Such a workmanlike approach to storytelling is a large part of why "RideBack" never truly achieves greatness. A constant slave to time, the balance of narrative and action payoff are all over the board, with some episodes winding up incredibly mythology heavy, which for a 12-episode series is precious time spent when some of the characters factored into this mythology aren't nearly as developed as Rin or the captain of the Rideback team, Tamayo. Having to condense six years of printed page into 12, 25-minute episodes doesn't help matters and while I applaud the series for setting a firm schedule to tell its tale, a few more episodes might have made "RideBack" a more memorable piece of work.
One aspect that is undeniable, is that "RideBack" is a beautiful piece of entertainment. It blends traditional animation with CGI (most noticeably the Ridebacks) and the director pushes the animation to the limits to dazzle viewers on a visceral and emotional level portraying the mechanized wonders as graceful dancers (admittedly a bit heavy handed) and nimble warriors. Without spoiling any details, the series' last act ramps up the intensity of the story and isn't afraid to pull at heart strings and certain emotional events are intensified by the wonderful animation. Likewise, the voice work is earnest on both sides of the pond, with the English dub holding up on a professional level alongside the original Japanese audio track.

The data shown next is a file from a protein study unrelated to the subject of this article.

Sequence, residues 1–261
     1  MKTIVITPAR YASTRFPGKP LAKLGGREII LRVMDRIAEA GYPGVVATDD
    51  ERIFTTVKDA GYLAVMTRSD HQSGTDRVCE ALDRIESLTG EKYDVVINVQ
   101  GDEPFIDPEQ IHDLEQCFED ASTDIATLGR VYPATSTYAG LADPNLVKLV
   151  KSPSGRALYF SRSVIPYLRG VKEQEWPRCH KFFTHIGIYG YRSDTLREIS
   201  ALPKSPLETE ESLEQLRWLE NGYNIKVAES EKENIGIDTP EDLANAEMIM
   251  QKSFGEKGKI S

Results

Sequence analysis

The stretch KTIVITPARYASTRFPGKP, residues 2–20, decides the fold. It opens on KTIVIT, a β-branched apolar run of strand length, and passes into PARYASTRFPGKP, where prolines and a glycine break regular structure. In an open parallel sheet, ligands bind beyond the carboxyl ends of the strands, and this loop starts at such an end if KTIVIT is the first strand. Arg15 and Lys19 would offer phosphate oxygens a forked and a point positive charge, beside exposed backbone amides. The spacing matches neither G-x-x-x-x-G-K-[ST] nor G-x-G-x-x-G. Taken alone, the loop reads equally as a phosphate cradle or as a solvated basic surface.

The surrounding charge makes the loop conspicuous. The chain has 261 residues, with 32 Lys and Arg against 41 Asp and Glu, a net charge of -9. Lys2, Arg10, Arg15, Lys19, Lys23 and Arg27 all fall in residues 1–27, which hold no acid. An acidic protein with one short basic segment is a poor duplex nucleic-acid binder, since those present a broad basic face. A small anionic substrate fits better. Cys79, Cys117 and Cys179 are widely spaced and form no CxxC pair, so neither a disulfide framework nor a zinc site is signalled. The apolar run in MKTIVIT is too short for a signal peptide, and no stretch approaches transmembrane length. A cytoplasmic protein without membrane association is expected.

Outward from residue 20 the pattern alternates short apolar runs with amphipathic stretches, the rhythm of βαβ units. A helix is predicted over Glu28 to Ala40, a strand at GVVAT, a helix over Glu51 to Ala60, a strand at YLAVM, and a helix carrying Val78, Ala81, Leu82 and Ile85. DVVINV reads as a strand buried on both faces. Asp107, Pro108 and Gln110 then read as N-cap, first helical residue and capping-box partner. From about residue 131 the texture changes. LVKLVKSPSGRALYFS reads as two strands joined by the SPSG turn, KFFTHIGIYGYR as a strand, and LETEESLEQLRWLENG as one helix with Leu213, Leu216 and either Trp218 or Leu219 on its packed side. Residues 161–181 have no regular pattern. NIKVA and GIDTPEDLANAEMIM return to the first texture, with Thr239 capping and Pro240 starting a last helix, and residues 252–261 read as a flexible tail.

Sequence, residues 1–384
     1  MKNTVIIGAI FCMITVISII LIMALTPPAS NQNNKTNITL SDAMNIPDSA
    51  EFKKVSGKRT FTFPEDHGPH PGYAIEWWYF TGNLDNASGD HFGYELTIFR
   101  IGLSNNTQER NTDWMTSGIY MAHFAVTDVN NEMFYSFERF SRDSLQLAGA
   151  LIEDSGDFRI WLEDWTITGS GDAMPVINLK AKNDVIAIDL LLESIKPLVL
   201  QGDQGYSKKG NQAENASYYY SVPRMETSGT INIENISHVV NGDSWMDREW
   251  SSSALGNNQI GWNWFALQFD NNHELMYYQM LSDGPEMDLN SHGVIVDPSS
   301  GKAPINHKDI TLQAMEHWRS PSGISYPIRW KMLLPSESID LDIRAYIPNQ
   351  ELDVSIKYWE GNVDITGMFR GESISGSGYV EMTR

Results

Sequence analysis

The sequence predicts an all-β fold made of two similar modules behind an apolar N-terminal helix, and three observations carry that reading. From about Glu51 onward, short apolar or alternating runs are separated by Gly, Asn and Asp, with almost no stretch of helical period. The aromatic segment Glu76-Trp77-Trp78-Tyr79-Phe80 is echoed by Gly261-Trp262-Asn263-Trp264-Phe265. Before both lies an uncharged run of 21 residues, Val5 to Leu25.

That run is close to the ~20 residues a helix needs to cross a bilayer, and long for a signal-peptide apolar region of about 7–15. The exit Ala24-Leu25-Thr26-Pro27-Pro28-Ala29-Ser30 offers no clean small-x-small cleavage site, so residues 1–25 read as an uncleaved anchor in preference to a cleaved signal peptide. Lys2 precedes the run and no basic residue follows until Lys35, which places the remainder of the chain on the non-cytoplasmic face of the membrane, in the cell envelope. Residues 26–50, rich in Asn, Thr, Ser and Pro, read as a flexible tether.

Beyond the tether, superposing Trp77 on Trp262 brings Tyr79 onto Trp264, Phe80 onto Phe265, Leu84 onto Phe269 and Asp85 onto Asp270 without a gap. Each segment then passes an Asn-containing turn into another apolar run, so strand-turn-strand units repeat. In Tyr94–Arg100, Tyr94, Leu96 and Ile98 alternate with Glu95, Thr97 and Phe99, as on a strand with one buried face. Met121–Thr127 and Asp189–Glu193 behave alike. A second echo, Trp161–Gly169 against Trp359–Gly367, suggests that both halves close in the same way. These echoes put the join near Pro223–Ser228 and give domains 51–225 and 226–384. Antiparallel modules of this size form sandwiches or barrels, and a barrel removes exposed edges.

"RideBack" doesn't reinvent the wheel (veiled pun) from a storytelling point. It merely takes what works and attempts to make it work for 12-episodes. It's safe entertainment that should appeal to younger teens as well as adults, although the viewer well versed in the notion of citizens rising up against oppressive governments or the classic saga of an unlikely hero realizing his or her potential is going to find "RideBack" tedious and uninspired at many junctures. Ultimately, "RideBack" left me satisfied but not chomping at the bit to revisit its universe anytime in the near future.
The 1.78:1 1080p AVC encored transfer is a nearly flawless piece of eye candy. Colors are vibrant and intense, with nary an issue with noise or compression. Fine detail is a little iffy though, likely a decision in the original animation process, but the blend of CGI and traditional animation suffers slightly with the former looking much sharper than the latter. Overall, the image has a mildly soft look to it, but that ultimately doesn't detract from the beautiful nature of the show.